Language Tips


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Liz Potter
Written by Liz Potter

In this weekly post, we bring more useful content from the Macmillan Dictionary to English language learners. In this series of language tips to accompany the Real Vocabulary theme we look at how you can expand your vocabulary in English by using different words and expressions instead of core vocabulary items.

This set of language tips explores the words and phrases we use to describe movement. This week’s tip looks at ways of using the core verb walk:


  • I generally walk to work.
  • Shall we walk or take the bus?
  • She walks three miles every day.
  • Greg walked slowly towards her, smiling.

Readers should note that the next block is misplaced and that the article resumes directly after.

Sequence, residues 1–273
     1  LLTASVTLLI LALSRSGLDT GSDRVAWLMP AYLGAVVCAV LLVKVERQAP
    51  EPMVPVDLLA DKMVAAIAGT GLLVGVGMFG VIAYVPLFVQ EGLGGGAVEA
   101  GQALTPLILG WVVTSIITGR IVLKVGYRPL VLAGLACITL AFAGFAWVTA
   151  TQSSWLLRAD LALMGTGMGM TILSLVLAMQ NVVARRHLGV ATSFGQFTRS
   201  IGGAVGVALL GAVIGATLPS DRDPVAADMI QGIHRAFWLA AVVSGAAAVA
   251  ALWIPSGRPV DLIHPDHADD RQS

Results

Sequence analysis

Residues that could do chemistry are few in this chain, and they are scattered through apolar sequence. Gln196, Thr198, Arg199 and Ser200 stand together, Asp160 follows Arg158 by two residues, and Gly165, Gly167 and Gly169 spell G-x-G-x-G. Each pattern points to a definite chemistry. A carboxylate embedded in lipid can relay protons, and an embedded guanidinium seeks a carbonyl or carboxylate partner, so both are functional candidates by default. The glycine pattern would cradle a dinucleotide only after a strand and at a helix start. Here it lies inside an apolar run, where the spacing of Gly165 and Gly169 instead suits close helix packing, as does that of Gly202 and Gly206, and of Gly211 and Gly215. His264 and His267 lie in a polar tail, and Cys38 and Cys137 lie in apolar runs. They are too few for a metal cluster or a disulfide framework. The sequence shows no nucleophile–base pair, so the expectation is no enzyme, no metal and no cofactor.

• Howard walked in with two men I’d never seen before.
  • As we walked along she told me about her plans.
  • I walked across the noisy playground to the main entrance.
  • Jamie often walks around the block to clear his head.
  • He walked slowly and unsteadily down the hall.

have a walk or go for a walk or take a walk:

  • I try to go for a walk every day.
  • Feel free to take a walk around the garden.

on foot You can use the phrase on foot to say that you walked somewhere rather than using a vehicle:

  • ‘Did you drive?’ ‘No, I came on foot.’
  • The bus didn’t come so we set off on foot.

Next week we will look at verbs and phrases that mean to walk slowly and without purpose.

Did you know that Macmillan Dictionary includes a full thesaurus? This page lists more ways to say ‘walk‘.

More language tips

Browse the list under the ‘language tips‘ tag here on the blog for more useful language tips.

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Liz Potter

Liz Potter

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